Riding the Cress

Superfood: Watercress is riding a wave of popularity

ATTRIBUTES Just when you thought you couldn't stomach another forkful of kale, along comes watercress, riding a wave of popularity after being shunned as a "poor man's food' for a hundred years. Watercress is a member of the notoriously nutritious cruciferous band of veggies — broccoli, arugula and Brussels sprouts are cousins.

SUPER POWERS Watercress delivers 25 percent or more of your daily requirements of vitamins K, C, and A, as well as compounds that have been shown to slow progression of cancer, lower blood pressure and help maintain healthy bones, for less than 5 calories per cup.

WEAKNESSES Although every little bit helps, you'll need to eat more than a garnish-size serving for significant nutrition. Watercress is high in nitrates and may interact with medications used for cardiovascular disease. Also, suddenly eating more vitamin K may interact with blood-thinning medications.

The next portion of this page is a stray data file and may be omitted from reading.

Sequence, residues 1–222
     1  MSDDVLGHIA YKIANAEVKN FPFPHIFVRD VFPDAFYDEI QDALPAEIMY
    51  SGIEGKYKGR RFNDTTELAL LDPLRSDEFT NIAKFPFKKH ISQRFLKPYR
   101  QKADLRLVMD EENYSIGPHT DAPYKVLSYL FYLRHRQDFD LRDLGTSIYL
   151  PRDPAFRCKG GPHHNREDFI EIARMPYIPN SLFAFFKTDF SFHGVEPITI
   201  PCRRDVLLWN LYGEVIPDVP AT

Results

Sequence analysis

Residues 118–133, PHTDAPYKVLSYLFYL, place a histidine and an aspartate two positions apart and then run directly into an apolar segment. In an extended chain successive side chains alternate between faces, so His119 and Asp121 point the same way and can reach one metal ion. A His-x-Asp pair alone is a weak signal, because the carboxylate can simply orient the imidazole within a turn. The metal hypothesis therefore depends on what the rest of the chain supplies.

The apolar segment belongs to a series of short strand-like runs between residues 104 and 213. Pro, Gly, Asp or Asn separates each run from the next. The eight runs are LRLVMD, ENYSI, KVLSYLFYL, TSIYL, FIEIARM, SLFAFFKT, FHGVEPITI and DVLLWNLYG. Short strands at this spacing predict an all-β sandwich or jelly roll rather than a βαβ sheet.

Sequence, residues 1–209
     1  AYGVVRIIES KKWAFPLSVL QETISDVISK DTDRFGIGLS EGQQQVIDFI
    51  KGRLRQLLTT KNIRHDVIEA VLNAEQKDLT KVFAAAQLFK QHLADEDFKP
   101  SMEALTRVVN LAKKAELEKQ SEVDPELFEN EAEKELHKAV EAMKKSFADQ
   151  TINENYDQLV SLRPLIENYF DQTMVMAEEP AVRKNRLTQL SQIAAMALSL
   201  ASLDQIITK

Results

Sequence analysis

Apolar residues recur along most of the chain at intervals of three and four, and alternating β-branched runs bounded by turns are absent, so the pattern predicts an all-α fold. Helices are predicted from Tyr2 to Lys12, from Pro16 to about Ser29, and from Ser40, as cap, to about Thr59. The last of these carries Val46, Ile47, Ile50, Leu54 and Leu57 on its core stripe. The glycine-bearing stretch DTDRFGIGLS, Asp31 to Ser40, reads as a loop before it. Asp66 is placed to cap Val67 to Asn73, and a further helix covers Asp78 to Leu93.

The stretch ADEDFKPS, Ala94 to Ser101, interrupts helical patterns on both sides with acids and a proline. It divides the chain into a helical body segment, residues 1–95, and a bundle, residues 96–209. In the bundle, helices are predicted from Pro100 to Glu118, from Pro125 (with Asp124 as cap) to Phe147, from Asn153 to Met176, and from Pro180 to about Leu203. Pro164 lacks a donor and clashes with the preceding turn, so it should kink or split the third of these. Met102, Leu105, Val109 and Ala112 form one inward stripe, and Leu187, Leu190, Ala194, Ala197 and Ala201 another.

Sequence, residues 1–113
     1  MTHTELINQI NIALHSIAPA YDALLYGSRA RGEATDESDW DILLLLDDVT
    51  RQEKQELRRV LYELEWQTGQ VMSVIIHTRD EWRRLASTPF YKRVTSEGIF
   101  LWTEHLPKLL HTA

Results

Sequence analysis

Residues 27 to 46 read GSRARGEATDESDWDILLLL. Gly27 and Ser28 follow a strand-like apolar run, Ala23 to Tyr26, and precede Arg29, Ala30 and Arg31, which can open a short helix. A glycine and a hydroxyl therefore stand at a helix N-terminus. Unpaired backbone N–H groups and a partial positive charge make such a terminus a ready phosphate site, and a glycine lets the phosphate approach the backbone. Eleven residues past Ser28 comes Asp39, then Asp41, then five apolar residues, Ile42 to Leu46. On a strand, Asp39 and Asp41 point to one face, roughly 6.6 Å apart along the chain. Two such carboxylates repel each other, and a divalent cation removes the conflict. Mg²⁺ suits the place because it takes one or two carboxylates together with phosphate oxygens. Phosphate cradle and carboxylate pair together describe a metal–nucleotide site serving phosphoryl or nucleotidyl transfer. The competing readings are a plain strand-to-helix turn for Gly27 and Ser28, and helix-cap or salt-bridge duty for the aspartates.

HOW TO USE IT Historically, it wasn't uncommon to eat a handful of watercress, the way you might eat an apple today. For more flair, toss one cup of packed leaves into your favorite potato leek soup about five minutes before the veggies are done. Finish cooking, then purée soup. Garnish with a dollop of cream or plain yogurt and a few fresh leaves.

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About The Author

Anne McGregor

Anne McGregor is a contributor to the Inlander and the editor of InHealth. She is married to Inlander editor/publisher Ted S. McGregor, Jr.